SYCAMORE – Allison Stahl is always pushing herself to be more independent.
Stahl, a 31-year-old Sycamore resident, uses a wheelchair to get around because of her cerebral palsy, but she’s always striving to do more for herself. She works 12 to 16 hours a week at Walmart in DeKalb stocking shelves, and is a choreographer who teaches wheelchair ballet at Dance Dimensions in DeKalb.
“It’s a way to have people understand me,” she said of dance. “It’s a way for me to be free.”
Her caregivers have helped her participate in many activities throughout her life. She graduated from Sycamore High School in 2001 and remains active at Sycamore-based Opportunity House.
Another group that helped her become more independent is her lifelong support network of about 11 friends and family, also known as a microboard.
A microboard is a nonprofit association created to serve one person, according to the Illinois Association of Microboards and Cooperatives. The members of Stahl’s microboard, called Allison’s Awesome Blossom, help her through decision-making, although she ultimately decides her path. The microboard addresses the planning and support needs of a vulnerable person by empowering them, said Pam Kitterman, Stahl’s mother.
Aside from helping her obtain small items such as an iPhone 5, Stahl’s microboard has helped her hunt for an apartment, while her caregiver helped her with the paperwork. Although one place she found turned out to be unsuitable because it was too small, the search process is one example of how Stahl managed to achieve self-advocacy through a support network.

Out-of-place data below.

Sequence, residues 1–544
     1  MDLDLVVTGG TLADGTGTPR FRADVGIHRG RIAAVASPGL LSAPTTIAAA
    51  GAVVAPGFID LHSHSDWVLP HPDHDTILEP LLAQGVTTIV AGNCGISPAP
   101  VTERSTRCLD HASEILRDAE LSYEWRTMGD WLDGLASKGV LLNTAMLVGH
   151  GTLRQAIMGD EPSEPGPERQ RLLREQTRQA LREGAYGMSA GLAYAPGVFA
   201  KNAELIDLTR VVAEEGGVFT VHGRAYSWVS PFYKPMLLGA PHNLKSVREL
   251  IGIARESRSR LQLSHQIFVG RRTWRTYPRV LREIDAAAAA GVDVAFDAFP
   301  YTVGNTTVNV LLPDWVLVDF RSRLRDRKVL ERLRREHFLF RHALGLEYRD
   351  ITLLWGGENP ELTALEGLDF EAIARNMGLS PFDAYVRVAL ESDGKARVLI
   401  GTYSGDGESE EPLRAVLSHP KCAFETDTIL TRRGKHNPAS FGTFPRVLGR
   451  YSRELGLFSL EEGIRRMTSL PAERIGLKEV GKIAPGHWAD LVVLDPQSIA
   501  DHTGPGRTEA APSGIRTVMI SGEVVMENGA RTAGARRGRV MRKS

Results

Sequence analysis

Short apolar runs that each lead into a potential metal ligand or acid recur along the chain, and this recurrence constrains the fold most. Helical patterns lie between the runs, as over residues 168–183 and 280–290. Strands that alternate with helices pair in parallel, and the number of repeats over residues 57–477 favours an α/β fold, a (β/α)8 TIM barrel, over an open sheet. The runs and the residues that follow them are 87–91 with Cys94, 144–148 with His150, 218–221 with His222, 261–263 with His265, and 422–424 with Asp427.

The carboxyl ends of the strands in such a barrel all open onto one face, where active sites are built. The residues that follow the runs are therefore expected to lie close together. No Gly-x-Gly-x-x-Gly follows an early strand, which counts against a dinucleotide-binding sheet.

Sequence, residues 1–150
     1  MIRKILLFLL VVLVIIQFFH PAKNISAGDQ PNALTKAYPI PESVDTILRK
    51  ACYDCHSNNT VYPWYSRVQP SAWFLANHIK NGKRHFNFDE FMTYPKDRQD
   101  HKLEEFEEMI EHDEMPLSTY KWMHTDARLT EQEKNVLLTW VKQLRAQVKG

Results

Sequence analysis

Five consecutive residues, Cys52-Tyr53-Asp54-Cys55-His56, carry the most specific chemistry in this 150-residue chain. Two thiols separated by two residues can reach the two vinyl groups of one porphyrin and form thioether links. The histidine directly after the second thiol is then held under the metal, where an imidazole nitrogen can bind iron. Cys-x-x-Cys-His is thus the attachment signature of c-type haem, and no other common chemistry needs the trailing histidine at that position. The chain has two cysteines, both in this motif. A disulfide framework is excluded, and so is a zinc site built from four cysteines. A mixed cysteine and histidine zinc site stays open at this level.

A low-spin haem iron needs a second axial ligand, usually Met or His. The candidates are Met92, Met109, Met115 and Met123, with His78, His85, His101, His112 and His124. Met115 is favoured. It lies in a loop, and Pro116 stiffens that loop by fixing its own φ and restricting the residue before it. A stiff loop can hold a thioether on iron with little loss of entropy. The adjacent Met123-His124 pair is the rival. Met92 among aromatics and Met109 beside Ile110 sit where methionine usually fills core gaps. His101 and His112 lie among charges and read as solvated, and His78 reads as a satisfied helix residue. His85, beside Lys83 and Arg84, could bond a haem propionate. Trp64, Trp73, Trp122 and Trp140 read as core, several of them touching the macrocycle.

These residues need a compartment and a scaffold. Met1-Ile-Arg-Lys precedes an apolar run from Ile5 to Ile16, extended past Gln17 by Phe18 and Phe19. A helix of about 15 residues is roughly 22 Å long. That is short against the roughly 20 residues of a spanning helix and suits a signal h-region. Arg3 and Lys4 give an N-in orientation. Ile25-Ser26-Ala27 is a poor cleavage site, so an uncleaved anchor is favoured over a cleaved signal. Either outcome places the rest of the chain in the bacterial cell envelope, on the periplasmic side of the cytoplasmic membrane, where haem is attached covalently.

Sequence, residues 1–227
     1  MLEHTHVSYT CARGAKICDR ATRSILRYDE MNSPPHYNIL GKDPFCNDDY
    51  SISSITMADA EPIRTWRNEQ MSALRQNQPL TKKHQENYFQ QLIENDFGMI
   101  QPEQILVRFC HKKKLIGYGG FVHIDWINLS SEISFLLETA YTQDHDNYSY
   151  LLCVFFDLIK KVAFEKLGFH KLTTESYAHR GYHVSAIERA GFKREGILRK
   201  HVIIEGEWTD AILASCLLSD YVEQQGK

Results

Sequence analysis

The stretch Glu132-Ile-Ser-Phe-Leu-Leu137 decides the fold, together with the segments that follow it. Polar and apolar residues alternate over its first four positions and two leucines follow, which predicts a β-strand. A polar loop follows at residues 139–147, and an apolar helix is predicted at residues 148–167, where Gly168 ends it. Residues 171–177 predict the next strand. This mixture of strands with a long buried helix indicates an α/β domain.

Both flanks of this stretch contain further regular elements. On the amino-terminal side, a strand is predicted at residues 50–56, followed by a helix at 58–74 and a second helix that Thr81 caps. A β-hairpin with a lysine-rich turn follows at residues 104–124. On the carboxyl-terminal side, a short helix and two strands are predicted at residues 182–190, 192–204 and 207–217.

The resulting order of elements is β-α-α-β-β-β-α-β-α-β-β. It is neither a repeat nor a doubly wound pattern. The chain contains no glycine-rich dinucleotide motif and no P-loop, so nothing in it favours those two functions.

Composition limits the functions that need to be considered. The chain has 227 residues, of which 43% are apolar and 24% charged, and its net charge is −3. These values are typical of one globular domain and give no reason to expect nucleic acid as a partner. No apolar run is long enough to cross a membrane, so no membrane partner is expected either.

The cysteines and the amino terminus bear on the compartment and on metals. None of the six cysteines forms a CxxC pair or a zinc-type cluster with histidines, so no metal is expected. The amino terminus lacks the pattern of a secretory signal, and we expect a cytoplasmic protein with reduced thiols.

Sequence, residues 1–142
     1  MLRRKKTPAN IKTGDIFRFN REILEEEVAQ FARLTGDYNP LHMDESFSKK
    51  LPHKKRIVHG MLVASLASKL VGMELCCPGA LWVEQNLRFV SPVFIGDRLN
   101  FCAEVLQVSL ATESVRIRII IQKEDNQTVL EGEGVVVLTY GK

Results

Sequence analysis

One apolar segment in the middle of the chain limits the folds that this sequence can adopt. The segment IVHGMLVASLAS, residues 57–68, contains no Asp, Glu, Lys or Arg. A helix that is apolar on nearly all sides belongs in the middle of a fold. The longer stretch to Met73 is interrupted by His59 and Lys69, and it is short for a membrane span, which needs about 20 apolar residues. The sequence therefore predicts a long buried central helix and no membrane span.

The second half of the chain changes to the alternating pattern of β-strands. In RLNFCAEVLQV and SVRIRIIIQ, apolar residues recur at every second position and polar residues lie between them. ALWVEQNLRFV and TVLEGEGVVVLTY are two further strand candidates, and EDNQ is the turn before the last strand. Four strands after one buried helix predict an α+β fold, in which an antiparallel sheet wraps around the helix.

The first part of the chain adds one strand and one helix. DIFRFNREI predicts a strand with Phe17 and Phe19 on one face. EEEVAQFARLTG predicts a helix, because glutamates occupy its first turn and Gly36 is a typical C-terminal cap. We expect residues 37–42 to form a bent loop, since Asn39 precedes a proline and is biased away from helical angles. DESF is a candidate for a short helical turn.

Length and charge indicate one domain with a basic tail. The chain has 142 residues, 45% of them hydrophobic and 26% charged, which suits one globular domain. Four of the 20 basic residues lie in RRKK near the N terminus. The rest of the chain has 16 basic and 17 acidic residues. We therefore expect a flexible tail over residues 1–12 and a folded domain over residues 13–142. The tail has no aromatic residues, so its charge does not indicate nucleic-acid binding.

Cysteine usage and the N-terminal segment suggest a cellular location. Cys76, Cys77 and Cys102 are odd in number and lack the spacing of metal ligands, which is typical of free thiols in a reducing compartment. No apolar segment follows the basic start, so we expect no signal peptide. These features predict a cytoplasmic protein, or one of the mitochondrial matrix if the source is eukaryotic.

“The microboard has really changed my life,” she said.
Stahl shared her experiences using a microboard and promoted self-advocacy among people with disabilities Nov. 4 at the Speak Up and Speak Out Summit in Springfield. She said the conference, hosted by the Illinois Council on Developmental Disabilities, allowed her to “meet with neat people,” including Gov. Pat Quinn.
Stahl was chosen to speak on a panel by a member of the Illinois Association of Microboards and Cooperatives. Before an audience of more than 50 people, Stahl spoke about self-advocacy. Kitterman, said the summit was a wonderful chance for her daughter to network with people and help others.
“I was [pleasantly] surprised at how powerfully and eloquently she spoke at the panel,” Kitterman said.
The conference was such a good experience for Stahl, she plans to continue to attend in years to come.
Stahl said she’s still looking for an apartment. In the meantime, she continues to live with her parents, but she said she wants to be able to live independently without living too far from her family.